December 23, 2010

Reading, Writing & Speaking

Being an authentic written communicator may be very different than being an authentic spoken communicator.

By authenticity, I mean being honest and generous with one’s knowledge and passion, and compassionately striving to fully and empathetically engage one’s reader or listener.

I may write a compelling and well-structured essay, with a clear point of view and takeaway, and woven together with pithy sentences. If I were to read it verbatim, however, it would sound horrific. If I were to get hung up on delivering each of those sentences, word for word, I would surely trip myself up; my attempt at delivering perfect paragraphs would result in my being frustrated, and then apologetic, and surely alienate my listeners.

I do have one client who writes each of his speeches out and is capable of reading and delivering them with gusto. He is an exception to most leaders.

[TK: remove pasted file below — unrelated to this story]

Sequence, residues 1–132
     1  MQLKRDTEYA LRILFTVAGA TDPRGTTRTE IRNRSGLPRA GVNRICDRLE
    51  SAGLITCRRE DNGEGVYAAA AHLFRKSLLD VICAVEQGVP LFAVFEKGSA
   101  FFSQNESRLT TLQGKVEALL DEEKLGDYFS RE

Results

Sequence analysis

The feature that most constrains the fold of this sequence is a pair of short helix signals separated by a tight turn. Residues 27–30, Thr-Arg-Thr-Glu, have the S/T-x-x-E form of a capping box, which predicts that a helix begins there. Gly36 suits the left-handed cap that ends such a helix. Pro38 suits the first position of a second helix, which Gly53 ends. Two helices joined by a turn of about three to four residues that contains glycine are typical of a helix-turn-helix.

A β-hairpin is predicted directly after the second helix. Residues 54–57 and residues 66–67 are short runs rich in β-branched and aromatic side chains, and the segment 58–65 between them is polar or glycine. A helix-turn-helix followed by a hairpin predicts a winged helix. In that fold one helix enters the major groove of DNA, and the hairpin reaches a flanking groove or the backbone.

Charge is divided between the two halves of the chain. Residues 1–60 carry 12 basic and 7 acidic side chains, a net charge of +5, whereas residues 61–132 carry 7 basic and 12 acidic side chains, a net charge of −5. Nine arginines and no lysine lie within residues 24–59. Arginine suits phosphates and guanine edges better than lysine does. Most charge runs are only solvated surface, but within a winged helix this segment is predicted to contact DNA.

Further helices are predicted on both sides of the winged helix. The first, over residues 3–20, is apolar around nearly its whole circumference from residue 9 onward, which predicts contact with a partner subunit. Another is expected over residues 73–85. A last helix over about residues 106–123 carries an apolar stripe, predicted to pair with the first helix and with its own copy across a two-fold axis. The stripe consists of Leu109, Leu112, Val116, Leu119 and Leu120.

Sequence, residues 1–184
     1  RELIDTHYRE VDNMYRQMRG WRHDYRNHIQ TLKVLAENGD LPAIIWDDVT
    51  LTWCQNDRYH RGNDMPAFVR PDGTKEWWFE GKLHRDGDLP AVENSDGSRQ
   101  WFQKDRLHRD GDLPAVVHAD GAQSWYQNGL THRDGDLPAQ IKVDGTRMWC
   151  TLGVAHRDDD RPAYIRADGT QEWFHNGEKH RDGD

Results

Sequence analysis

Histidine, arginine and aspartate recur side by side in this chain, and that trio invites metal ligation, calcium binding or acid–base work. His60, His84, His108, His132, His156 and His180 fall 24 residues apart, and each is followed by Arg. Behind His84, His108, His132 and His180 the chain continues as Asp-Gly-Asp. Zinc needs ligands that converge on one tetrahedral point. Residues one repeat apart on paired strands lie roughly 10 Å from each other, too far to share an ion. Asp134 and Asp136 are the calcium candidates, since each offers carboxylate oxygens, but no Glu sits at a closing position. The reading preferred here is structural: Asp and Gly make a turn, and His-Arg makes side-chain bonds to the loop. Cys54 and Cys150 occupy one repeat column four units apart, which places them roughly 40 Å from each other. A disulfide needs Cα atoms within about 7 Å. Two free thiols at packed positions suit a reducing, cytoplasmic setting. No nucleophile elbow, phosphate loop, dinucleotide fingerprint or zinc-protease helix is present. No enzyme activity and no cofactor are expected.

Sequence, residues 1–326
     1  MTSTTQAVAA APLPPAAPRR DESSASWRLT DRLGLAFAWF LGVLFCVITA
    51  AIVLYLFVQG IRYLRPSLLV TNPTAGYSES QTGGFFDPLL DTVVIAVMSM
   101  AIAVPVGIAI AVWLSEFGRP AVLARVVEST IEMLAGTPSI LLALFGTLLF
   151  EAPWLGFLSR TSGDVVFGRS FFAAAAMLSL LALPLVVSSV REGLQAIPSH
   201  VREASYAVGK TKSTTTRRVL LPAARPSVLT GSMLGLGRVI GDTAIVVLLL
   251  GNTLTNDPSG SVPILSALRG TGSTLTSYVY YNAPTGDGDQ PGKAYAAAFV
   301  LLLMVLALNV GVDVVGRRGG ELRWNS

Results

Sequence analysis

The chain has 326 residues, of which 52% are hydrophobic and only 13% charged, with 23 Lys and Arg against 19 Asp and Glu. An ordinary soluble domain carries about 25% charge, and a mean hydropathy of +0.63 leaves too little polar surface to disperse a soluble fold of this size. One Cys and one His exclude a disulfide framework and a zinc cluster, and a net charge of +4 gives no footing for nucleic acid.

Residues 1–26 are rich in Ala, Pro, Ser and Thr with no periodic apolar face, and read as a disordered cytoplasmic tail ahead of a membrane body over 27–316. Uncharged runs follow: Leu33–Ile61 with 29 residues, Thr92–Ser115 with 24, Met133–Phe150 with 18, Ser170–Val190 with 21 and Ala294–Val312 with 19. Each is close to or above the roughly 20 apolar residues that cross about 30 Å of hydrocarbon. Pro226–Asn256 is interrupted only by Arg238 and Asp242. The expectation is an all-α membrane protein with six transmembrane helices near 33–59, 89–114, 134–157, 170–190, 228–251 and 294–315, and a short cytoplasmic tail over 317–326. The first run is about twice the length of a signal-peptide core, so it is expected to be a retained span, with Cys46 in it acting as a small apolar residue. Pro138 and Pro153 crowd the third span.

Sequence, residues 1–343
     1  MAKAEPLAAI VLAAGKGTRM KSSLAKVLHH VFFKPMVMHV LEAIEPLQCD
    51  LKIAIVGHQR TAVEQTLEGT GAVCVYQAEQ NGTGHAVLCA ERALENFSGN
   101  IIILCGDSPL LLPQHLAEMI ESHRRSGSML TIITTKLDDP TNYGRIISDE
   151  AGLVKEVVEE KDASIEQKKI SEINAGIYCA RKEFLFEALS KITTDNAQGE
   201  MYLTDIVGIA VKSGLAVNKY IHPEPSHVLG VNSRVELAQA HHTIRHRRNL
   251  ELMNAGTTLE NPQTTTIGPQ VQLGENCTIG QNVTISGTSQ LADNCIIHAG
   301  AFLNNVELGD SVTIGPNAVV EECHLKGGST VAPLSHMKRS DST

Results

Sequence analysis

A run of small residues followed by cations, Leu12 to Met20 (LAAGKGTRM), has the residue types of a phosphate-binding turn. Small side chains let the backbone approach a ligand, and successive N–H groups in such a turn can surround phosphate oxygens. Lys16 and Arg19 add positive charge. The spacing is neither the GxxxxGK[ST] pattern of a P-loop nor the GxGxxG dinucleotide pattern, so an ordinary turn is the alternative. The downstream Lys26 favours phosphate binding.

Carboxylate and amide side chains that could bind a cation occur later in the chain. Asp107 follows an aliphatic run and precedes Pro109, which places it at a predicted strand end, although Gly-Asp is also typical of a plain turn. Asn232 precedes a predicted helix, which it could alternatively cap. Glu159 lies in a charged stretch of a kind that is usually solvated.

Instead, when I deliver a keynote speech or facilitate a large program, I write my presentation out, allowing me to experiment with structure and vocabulary. Then, I read it aloud, several times, allowing me to recognize jarring transitions, play with rhythm, and toy with segue ways.

And when it comes time to present, I no longer distract myself with the fully developed expository speech. Instead, I glance at an outline. I have realized that I must compensate while presenting, with passion and engagement.

I do bring the fully developed composition with me, and reference it during program breaks. In this way, I get to bring up points I may have skipped while speaking. For me, the combination of outline plus composition provides the right measure of authentic engagement along with intellectual security and generosity.

No comments:

Post a Comment


Blog Archive